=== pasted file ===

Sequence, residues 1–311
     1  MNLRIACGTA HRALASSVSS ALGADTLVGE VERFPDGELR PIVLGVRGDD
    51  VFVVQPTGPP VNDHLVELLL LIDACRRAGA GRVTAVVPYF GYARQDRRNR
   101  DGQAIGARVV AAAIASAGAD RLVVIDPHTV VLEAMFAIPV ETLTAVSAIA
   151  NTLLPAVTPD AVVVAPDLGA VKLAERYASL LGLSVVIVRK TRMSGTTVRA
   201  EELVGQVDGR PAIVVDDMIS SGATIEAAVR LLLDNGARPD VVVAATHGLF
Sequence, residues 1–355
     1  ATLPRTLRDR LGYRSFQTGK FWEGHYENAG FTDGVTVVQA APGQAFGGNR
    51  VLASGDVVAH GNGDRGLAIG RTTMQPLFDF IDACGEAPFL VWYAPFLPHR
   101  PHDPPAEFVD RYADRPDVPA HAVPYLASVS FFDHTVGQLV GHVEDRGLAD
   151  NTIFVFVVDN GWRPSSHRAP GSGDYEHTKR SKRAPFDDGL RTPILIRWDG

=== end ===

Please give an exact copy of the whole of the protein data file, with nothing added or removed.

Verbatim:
Sequence, residues 1–311
     1  MNLRIACGTA HRALASSVSS ALGADTLVGE VERFPDGELR PIVLGVRGDD
    51  VFVVQPTGPP VNDHLVELLL LIDACRRAGA GRVTAVVPYF GYARQDRRNR
   101  DGQAIGARVV AAAIASAGAD RLVVIDPHTV VLEAMFAIPV ETLTAVSAIA
   151  NTLLPAVTPD AVVVAPDLGA VKLAERYASL LGLSVVIVRK TRMSGTTVRA
   201  EELVGQVDGR PAIVVDDMIS SGATIEAAVR LLLDNGARPD VVVAATHGLF
Sequence, residues 1–355
     1  ATLPRTLRDR LGYRSFQTGK FWEGHYENAG FTDGVTVVQA APGQAFGGNR
    51  VLASGDVVAH GNGDRGLAIG RTTMQPLFDF IDACGEAPFL VWYAPFLPHR
   101  PHDPPAEFVD RYADRPDVPA HAVPYLASVS FFDHTVGQLV GHVEDRGLAD
   151  NTIFVFVVDN GWRPSSHRAP GSGDYEHTKR SKRAPFDDGL RTPILIRWDG